At the heart of our arts and cultural sector is the workforce: the artists and curators, librarians and technicians, producers and administrators and educators and archivists. It will be a priority over the next decade to support these people to maintain and develop the skills they will need to achieve our shared mission. To an important degree, this is about recognising and respecting the hard-earned specialist skills that are essential to so much the cultural sector does. (p.33)

The organisations that make the strongest contribution to our goals are well-led, and have leaders who understand their role in the communities in which they operate. More needs to be done to strengthen the skills and the diversity of governance and leadership of arts organisations. (p.34)

The arts, museums and libraries fuel children’s curiosity and critical capacity. They are about expression and imaginative escape as much as they are about learning and development, helping children and young people to explore, understand and challenge the world, as well as their place in it. (p.35)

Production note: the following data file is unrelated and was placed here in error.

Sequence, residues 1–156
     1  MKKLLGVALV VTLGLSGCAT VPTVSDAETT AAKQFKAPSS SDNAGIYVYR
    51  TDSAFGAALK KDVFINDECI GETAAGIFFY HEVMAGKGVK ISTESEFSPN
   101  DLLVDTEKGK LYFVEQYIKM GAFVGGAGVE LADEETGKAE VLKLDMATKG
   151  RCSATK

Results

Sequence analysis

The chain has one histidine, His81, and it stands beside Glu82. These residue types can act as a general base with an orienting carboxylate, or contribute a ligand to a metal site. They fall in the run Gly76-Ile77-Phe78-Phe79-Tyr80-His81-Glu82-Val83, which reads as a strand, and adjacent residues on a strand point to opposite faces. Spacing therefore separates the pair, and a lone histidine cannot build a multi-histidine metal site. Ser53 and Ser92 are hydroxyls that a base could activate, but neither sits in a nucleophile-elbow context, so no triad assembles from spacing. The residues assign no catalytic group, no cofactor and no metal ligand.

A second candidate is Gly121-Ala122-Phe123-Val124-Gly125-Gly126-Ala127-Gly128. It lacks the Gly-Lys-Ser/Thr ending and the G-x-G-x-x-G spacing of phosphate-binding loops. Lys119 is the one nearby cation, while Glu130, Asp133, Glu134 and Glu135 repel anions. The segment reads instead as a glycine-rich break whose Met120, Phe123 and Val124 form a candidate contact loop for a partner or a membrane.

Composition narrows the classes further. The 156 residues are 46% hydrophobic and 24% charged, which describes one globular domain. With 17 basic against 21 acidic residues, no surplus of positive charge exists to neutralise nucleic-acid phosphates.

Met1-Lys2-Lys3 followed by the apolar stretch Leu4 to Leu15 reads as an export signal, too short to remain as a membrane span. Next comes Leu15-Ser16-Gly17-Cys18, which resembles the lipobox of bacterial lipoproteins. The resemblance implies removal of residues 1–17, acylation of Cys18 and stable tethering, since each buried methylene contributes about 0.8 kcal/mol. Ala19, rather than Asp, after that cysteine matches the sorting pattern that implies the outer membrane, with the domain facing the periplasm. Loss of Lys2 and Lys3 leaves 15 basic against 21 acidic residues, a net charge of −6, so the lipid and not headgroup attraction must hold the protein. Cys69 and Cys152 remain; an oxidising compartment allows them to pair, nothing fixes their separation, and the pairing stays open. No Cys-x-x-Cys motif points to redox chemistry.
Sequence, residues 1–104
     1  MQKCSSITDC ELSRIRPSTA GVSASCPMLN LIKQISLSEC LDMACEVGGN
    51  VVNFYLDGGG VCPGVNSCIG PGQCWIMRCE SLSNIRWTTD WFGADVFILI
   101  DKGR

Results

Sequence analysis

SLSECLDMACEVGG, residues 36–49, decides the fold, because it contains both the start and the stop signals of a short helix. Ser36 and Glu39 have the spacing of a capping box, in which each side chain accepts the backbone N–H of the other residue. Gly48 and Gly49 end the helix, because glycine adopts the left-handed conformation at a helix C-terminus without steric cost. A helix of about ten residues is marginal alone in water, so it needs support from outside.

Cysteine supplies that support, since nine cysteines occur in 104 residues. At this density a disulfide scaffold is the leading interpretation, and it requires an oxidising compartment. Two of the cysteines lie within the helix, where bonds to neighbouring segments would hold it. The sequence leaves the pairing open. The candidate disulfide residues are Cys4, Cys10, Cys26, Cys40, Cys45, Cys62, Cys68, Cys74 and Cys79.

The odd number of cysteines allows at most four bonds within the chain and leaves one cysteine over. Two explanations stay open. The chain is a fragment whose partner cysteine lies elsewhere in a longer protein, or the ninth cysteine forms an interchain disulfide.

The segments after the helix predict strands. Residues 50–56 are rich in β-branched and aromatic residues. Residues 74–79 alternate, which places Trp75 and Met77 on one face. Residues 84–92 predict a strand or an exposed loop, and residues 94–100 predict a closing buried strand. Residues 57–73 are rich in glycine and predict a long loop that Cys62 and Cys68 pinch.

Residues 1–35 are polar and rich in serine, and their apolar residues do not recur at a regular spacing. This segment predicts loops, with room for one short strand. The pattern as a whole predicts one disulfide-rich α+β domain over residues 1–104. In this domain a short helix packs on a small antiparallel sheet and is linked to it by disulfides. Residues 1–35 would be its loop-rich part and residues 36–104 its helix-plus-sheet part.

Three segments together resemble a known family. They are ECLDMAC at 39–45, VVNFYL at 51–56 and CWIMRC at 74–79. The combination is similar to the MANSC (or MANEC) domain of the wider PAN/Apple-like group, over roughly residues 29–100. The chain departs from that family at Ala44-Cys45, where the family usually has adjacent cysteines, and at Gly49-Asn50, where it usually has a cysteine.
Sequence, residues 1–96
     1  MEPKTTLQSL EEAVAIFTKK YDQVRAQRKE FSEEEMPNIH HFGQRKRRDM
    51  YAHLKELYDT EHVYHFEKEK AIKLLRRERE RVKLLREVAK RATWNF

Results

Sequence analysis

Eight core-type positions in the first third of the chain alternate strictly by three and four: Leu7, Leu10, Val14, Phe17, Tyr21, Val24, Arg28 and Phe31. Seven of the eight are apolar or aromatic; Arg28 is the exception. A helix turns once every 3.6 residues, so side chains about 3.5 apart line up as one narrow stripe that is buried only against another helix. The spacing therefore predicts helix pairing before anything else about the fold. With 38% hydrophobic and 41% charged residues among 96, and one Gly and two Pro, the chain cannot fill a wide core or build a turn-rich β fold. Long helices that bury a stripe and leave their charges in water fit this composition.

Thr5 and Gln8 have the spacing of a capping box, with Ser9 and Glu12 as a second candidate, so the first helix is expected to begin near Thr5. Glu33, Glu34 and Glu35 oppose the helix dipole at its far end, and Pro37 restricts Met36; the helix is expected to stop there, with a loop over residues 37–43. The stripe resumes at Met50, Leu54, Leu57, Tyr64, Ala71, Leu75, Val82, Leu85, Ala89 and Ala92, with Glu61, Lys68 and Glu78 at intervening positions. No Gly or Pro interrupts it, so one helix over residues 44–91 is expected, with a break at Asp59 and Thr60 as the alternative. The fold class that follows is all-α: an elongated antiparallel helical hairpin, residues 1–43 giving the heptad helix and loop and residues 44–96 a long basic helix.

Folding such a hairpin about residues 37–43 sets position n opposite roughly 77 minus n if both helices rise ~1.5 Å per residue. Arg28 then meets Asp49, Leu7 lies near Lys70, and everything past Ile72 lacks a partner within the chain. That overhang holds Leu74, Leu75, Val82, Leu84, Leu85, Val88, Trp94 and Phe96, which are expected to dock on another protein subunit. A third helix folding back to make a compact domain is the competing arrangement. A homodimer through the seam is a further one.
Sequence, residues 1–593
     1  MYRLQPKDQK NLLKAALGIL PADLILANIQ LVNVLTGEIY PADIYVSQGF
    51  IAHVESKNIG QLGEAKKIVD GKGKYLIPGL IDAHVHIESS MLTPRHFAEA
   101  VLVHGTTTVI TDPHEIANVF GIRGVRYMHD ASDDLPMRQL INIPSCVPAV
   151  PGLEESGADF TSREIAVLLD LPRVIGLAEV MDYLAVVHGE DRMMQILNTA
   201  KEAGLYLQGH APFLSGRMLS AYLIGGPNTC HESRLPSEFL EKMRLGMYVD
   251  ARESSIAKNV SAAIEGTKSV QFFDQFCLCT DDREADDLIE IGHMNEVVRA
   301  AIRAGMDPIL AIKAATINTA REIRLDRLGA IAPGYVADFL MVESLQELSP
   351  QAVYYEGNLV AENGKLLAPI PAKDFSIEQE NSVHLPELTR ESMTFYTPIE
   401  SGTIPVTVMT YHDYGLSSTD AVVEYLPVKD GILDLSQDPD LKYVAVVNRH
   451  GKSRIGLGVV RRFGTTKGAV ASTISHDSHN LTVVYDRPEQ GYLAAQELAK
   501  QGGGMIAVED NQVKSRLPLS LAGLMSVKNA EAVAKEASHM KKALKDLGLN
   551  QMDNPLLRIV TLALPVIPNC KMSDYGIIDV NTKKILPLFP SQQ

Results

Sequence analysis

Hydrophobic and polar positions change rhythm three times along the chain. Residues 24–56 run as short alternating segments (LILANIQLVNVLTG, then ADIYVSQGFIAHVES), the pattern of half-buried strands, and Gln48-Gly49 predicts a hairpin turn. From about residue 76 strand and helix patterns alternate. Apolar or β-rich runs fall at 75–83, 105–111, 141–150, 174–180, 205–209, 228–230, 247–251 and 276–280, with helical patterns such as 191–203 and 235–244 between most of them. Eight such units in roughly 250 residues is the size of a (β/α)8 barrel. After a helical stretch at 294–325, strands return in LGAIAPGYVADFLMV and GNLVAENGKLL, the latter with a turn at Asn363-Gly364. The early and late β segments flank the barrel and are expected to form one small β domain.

ACE CILIP Pushmi Pullyu

Standard

I keep getting this idea after filling in the CILIP (Chartered Institute of Library and Information Professionals) rebrand survey that we’re in a Pushmi Pullyu situation with public libraries.

Arts Council England’s aim is to support the development of library strategy in England and they focus on them as cultural and arts spaces.

CILIP represents librarians and library workers and its been suggested in their proposals for a new name that library staff can be covered by the phrase “information professional”.

I do agree with the idea that libraries can be cultural spaces and that library workers do work with information, but that’s not all they focus on, as is illustrated by the fact that both organisations in this instance have ideas at odds to each other.

This post might be of interest too – The Purpose Of A Library?

But then again it might not.

Arts Council England Live Chat (25 July 2012)

Standard

Updated: 25 July 2012, 8:15pm

Alan Davey (Chief Executive of Arts Council England) is taking part in a live chat today. I submitted these three questions:

  • How do ACE aim to ensure that the non-arts aspects of libraries is developed as much as the cultural and arts aspects? Areas such as (but not only) support for education & literacy, community & social aspects are as important as the cultural and arts focus of libraries.